BREAKFAST AT TIFFANY’S

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C. Harlan

Arianna Piper, Staff Writer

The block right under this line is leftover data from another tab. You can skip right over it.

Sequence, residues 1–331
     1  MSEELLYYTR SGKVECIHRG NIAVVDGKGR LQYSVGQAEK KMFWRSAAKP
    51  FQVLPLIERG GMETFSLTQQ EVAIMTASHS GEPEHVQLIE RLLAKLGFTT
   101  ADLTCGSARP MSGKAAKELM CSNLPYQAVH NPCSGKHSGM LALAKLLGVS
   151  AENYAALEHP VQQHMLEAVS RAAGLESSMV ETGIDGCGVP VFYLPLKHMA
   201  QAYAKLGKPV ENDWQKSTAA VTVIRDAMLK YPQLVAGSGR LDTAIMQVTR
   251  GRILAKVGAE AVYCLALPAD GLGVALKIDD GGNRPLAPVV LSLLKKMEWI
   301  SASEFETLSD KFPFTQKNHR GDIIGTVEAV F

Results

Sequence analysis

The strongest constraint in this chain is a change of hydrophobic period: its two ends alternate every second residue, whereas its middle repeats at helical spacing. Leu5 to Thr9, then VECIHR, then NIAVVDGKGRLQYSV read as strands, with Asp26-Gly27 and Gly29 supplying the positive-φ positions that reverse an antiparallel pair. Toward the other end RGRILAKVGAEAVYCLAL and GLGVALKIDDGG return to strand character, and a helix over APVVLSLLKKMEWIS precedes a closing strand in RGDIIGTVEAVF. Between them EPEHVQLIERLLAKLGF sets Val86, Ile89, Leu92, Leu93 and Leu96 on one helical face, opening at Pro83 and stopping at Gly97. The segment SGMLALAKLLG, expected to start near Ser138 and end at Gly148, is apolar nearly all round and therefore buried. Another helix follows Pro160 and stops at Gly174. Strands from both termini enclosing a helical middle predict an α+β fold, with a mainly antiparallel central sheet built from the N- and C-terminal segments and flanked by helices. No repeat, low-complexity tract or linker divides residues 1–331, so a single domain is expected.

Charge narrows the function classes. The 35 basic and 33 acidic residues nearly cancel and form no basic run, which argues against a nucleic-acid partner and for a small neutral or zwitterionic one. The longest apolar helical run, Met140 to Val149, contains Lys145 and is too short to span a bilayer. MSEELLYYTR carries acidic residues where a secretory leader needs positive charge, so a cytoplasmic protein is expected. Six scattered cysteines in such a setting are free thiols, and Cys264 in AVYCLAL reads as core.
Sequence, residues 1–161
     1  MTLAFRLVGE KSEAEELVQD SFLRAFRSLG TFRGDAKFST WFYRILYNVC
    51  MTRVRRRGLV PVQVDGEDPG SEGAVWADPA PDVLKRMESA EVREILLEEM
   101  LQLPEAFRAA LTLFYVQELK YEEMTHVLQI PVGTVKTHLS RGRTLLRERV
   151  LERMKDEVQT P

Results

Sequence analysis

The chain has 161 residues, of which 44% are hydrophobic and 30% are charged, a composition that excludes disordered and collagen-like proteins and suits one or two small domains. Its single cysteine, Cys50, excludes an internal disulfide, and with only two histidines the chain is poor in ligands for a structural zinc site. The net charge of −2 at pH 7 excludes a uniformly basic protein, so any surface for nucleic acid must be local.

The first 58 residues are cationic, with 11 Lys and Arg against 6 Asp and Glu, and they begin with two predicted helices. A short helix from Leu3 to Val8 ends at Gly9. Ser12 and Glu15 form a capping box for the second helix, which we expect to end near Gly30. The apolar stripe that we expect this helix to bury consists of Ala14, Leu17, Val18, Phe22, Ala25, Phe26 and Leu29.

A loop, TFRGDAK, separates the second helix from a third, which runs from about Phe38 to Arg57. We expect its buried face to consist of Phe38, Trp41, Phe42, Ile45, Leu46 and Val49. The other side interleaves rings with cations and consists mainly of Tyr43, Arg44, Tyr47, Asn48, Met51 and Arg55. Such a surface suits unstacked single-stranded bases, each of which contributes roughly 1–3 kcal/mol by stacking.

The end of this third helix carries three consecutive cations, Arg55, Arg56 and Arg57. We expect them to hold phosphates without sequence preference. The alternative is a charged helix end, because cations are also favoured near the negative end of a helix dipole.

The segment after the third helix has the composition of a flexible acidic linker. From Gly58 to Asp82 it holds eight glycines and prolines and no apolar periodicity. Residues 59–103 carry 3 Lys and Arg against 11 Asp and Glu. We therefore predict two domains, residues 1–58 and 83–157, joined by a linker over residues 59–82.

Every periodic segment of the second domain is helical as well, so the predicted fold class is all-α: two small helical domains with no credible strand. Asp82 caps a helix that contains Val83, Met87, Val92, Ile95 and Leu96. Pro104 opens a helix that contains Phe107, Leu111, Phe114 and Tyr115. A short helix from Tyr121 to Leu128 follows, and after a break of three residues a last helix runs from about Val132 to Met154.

With more modern movies being produced year-round, Christmas season is a good time to bring back some of the more classic movies, one of which being “Breakfast at Tiffany’s.” The movie is a 1961 American comedy that was directed by Blake Edwards, and while it doesn’t have anything to do with the holiday season, it is a heartwarming story. Holly Golightly is a young woman who only seems to care about one thing: money. While she doesn’t have a legitimate job, she works as a paid escort. Holly isn’t the type to settle down. She runs in the crowd with the richest men and the snobbiest women. Her daily agenda consists of not-so-fancy parties, sleeping, shopping, and the feeding of a cat that she doesn’t consider hers. She uses men for their money so she can live a “wild and free” life, but when Paul Varjak, also known as Fred, moves in upstairs, she finds herself scared. She’s scared of commitment and scared of losing her freedom. Paul isn’t the type to fall in love. He lives off of money from a woman he worked for. When his run-in with Holly sparks his curiosity, he couldn’t help but want to know her, but he didn’t know he’d end up loving her the way he did. With the two battling their own demons from both past and present, at some point they know they have to cave-in. Their interesting friendship quickly progresses, and while Paul is ready to admit the way he feels, Holly isn’t ready to give herself up. Watching this comical and heart-stopping film unfold takes you on an emotional roller coaster that you’d be willing to ride over and over again.